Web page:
Monday, February 10, 2020

Ancient Egypt News 02/10/2020




A wall painting from the 3300-year-old tomb of Queen Nefertari shows her playing senet against an invisible opponent.
Is this the original board game of death?
THE YORCK PROJECT/WIKICOMMONS

Ancient Egyptians took their board games seriously. The backgammonlike senet started out as a mere pastime, but over nearly 2 millennia it evolved into a game with deep links to the afterlife, played on a board that represented the underworld. Now, a version of the game sitting in a California museum might reveal when this dramatic transformation took place.

Senet probably wasn’t the world’s first board game, but it was one of the first to become a smash hit. It seems to have risen to popularity in all tiers of Egyptian society about 5000 years ago—and was still being enjoyed by Egyptians 2500 years later.

Get to Know the Doctor: Magic Spells (video)
Rita Lucarelli Egyptologist


Boat Described by Greek historian Herodotus Discovered in Nile
Photo by Christoph Gerigk/Franck Goddio/Hilti Foundation

The Greek historian Herodotus is widely known as the “father of history”. His magisterial Histories, written in the 5th century BC, has provided modern scholars with a wealth of rich detail on the Greco-Persian wars and the Mediterranean society in which he lived.

However, Herodotus has also attracted the ire of his readers for the apparent errors and inventions that permeate his text. The Greek biographer Plutarch once famously described him as “malicious”, and said that those who hoped to detect “all his lies and fictions would have need of many books.”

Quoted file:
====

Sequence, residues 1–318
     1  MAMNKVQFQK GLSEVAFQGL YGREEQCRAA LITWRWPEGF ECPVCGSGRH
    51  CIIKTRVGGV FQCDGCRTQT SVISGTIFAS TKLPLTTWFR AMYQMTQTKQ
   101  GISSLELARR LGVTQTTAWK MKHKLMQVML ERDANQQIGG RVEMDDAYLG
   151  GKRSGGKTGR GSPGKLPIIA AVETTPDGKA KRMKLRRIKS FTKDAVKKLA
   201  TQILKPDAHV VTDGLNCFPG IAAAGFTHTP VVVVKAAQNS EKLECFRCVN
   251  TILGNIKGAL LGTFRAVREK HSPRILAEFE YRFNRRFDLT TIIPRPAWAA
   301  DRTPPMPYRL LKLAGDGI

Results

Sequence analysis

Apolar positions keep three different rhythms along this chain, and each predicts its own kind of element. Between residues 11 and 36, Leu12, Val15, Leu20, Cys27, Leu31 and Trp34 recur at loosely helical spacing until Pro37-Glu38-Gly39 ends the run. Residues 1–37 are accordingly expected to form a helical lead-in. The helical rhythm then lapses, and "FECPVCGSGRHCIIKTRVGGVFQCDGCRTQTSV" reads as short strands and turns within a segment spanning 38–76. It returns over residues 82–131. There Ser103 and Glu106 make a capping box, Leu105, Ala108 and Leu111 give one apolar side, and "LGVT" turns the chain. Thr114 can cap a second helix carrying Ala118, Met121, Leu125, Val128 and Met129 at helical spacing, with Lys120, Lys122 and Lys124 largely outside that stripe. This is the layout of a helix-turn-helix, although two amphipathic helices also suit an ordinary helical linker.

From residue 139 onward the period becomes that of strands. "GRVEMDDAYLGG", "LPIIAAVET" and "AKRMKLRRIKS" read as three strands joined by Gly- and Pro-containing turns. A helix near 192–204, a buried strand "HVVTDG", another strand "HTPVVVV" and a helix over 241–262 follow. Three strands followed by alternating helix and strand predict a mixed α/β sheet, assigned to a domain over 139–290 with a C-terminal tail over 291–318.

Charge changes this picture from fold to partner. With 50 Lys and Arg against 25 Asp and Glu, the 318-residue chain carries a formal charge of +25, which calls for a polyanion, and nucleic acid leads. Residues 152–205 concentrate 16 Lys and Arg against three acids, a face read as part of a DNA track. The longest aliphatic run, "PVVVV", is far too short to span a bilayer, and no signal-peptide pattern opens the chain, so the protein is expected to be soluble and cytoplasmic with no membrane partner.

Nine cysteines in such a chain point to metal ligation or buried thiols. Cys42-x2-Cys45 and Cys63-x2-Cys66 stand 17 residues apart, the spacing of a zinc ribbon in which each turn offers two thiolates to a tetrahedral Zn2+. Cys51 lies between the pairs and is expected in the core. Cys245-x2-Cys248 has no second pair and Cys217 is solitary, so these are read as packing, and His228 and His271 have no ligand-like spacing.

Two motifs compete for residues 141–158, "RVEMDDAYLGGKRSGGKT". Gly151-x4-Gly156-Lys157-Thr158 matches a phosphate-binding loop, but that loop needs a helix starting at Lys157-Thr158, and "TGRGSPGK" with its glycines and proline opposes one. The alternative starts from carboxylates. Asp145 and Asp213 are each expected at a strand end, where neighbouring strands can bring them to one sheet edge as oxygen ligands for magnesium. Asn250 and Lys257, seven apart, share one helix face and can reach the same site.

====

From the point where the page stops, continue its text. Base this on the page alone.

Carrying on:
3,400-year-old Egyptian anchor uncovered in Israel on display at the Israel Museum.
3,400-year-old Egyptian Artifact Uncovered in Israel on Display in Jerusalem
photo credit: LAURA LACHMAN

An 3,400-year-old inscribed Egyptian anchor uncovered in Israel is on display for the first time at the Israel Museum in Jerusalem, within the exhibition “Emoglyphs. Picture-Writing from Hieroglyphs to the Emoji.”
As reported by Haaretz, the artifact was spotted by chance by an Israeli veterinarian swimming off the shores of Atlit, south of Haifa.

“I saw it, kept on swimming for a few meters, then realized what I had seen and dived to touch it,” Rafi Bahalul told Haaretz. “It was like entering an Egyptian temple at the bottom of the Mediterranean.”




Ramses II Obelisk to be Fully Reassembled in Cairo’s Tahrir Square

A Ramses II obelisk, parts of which were unearthed in Egypt last August, is set to be fully re-assembled and displayed in downtown Cairo’s busy Tahrir Square, after the foundation of the monument was successfully installed in the center of the well-known traffic circle.

The step came as part of the government efforts to revamp the iconic square and draw attention to Egypt’s rich ancient history, with Egypt’s Ministry of Antiquities having transported eight blocks of the statue unearthed in August 2019 at Zagazig, a city in Lower Egypt.

Today's humor 
Big week, two types of humor 😊

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